19 weeks pregnant

19 weeks pregnant

By week 19, your baby is starting to become a proper, interesting person in his own right, or is at least laying down the foundations for doing so. He's getting ready to experience all the wonderful sounds, smells and sights of the outside world, and he’s growing at a rate now, too.

Your baby at 19 weeks

Your baby is busy this week developing the parts of his brain that are responsible for senses, and much more besides.

  • At 19 weeks his nervous system is getting pretty sophisticated. The areas of his brain that allow the senses to work are well developed so he can smell, and his taste buds can detect a sweet taste. He's already developing connections which will eventually cause him to prefer one taste, smell or sound over another.
  • Most excitingly, he can also hear better and will jump if startled by a loud noise such as a door slamming or a hand dryer being switched on. Sounds are muffled to him because he’s surrounded by amniotic fluid but even so, he can hear your tummy rumbling, the blood whooshing through the umbilical cord and your heart beat.
  • After he’s born, if you lay him on your chest on the left-hand side, he may well be comforted by the familiar sound of your heart. Research shows that the first sounds your baby will first hear are tones at 500HZ (like a guitar string), followed by lower tones, before being able to tune in to higher ones. He will also learn to recognise your voice over the next few weeks so by the time he’s born he’ll be hanging onto your every word.
  • He can tell the difference between light and dark.
  • His movements are still getting stronger and more controlled and precise (rather than randomly waving his body parts about). If you’re already feeling your baby’s movements, you may notice him kick or even feel a tiny elbow or foot digging in, but each foot is still tiny – only the size of one of your fingernails.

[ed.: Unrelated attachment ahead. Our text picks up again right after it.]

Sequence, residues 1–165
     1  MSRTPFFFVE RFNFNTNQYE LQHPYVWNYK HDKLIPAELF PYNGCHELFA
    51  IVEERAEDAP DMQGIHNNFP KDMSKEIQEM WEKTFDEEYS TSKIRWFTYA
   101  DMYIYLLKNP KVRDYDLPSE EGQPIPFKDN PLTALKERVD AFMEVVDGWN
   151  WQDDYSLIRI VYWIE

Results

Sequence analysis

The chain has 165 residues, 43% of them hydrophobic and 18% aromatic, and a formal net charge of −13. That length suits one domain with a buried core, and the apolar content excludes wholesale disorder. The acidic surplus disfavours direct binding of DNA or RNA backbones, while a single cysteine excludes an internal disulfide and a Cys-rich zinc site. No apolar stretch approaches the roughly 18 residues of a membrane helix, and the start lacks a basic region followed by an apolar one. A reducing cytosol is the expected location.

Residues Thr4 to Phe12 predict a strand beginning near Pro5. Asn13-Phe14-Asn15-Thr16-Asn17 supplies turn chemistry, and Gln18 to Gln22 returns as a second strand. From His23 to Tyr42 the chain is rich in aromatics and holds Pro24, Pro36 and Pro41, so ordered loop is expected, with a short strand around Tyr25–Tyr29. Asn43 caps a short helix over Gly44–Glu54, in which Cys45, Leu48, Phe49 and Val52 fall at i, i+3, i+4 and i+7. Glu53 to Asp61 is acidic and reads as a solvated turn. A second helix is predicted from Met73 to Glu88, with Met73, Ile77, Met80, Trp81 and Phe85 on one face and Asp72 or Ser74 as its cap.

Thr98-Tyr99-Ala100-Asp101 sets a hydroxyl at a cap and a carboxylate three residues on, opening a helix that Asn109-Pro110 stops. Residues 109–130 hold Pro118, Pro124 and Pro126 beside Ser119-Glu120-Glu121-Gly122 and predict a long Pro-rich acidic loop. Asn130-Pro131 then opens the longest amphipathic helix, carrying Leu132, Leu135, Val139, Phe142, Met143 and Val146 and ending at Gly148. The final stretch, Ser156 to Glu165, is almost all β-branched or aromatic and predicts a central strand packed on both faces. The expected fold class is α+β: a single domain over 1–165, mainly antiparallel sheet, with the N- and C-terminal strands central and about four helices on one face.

• Genitals are becoming more defined so if you want to find out the sex at your 20-week scan, the sonographer may well be able to tell from the ultrasound. If your baby is a girl, her vagina will be becoming hollow, and if a boy he will be developing a solid swelling that will become his scrotum. His testes won’t move into his scrotum for many weeks.
  • Your baby is also growing rudimentary breast tissue, and both boys and girls will be developing nipples now. No, we don’t know why boys need nipples either.

What size is the baby at 19 weeks?

At week 19 your baby is around 15cm long and about the size of a mango.

How is your body changing at 19 weeks pregnant?

Your body is pretty busy at 19 weeks, making red blood cells by the bucketload. And boy, do you need them. You have a much larger than usual blood volume and you need to get more blood cells into that fluid circulating round your body to take oxygen to both your organs and your baby's developing body.

19 weeks pregnant

This is the time when your red blood cell production catches up with the extra fluid currently in circulation in your, erm… circulation. The good news is this should make you feel more energetic. Your midwives will check your blood for iron levels at your antenatal appointments to ensure that you aren’t developing anaemia, and if your iron levels look low they may offer you iron supplements.